The next type of chart patterns to consider are wedge patterns. These tend to signal a reversal in trend - looking similar to a symmetrical triangle - where the asset price is contained within a band, with a level of support and resistance. Wedge patterns tend to be a longer-term pattern than their triangular counterparts, and last for many months at a time. They are made up of converging trend lines which slant in either an upwards or downwards direction.

There are two types of wedges, rising and falling. A falling wedge pattern gives a bullish pattern signal. It shows the price break upwards through the wedge and resistance level into an uptrend. It is similar to a triangular pattern in that the price movement bounces between the two trend lines. The difference is that in a falling wedge, you’ll notice a larger gradient in the upper trend line. The lower trend line will be flatter, and this signals that selling pressure is easing. This means sellers will have trouble pushing the price down further. Thus, a buy signal will be created when the price breaks through the upper resistance line. Due to the long term nature of this pattern, though, it is wise to wait and make sure the price has successive closes above the resistance line.

A rising wedge pattern is the opposite of a falling wedge and gives a bearish pattern signal. It will show the price break downwards through the wedge and support level into a downtrend. As you can see from the chart below, again it’s similar to triangular patterns because the price movement bounces between the two trend lines.

rising wedge.png

In a rising wedge, the gradient of the lower trend line will be greater and the upper trend line flatter. This shows you that momentum is easing; so buyers have trouble pushing the price up further when the asset is under pressure. Thus, a sell signal will be developed when the price breaks through the lower support line. This shows you that sellers are starting to gain momentum. Again, though, due to the long term nature of wedge patterns, you’re better off making sure the price has successive closes below the support lines.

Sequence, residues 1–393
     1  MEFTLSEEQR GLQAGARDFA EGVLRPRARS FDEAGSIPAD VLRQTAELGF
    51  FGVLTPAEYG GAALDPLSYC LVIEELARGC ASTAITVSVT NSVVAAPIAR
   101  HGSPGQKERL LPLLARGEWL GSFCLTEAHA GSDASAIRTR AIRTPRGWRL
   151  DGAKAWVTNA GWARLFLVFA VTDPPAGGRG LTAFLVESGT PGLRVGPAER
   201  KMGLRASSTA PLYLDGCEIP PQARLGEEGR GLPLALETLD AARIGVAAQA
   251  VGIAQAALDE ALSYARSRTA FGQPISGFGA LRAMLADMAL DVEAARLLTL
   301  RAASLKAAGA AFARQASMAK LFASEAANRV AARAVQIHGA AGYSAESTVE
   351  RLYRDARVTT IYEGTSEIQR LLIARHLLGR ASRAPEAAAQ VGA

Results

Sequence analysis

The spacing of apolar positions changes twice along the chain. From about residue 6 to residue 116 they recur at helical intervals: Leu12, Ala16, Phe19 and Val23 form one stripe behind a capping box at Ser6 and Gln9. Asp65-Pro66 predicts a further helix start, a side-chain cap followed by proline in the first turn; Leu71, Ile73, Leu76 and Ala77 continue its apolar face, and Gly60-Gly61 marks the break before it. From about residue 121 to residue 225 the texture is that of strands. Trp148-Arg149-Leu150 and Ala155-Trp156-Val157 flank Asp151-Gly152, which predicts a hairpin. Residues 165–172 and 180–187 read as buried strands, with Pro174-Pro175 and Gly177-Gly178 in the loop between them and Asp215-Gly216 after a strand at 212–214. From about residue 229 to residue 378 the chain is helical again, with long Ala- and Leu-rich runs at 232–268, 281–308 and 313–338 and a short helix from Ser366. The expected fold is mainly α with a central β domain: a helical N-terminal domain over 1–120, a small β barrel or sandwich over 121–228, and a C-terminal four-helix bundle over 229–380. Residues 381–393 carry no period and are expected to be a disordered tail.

Pennant patterns form where there is a large price movement followed by a sideways movement, which creates a pennant. You can tell the pattern is complete when it breaks out in the same direction of the sharp price movement. You will usually see a similarly sharp move in the same direction as the previous move - this is because after a significant price movement, it takes time for the market to consolidate before resuming its trend. As you can see in the chart below, a pennant looks a lot like a symmetrical triangle, made up of support and resistance trend lines which converge to an apex. However, the direction of a pennant in usually quite flat.

pennant pattern.png

Also, in a pennant pattern, there is no need to test the support and resistance lines several times (as a triangular pattern does). This is because this style of pattern usually has quite a short time frame due to the large market movement.

Flag patterns are much like pennants, in that they are formed following a move in one direction, then the pair consolidates sideways within a range before the range is finally broken.

flag pattern.jpg

They can be thought of as a failed double top, which is why you should always wait for confirmation of a signal, because there are numerous chart formations which, until confirmed by a break of a level, will suggest moves in the opposite direction. Flags should be traded in the same way as a pennant. Wait for a break above the top of the flag for a bullish pattern, before entering at the first retracement back to the broken level.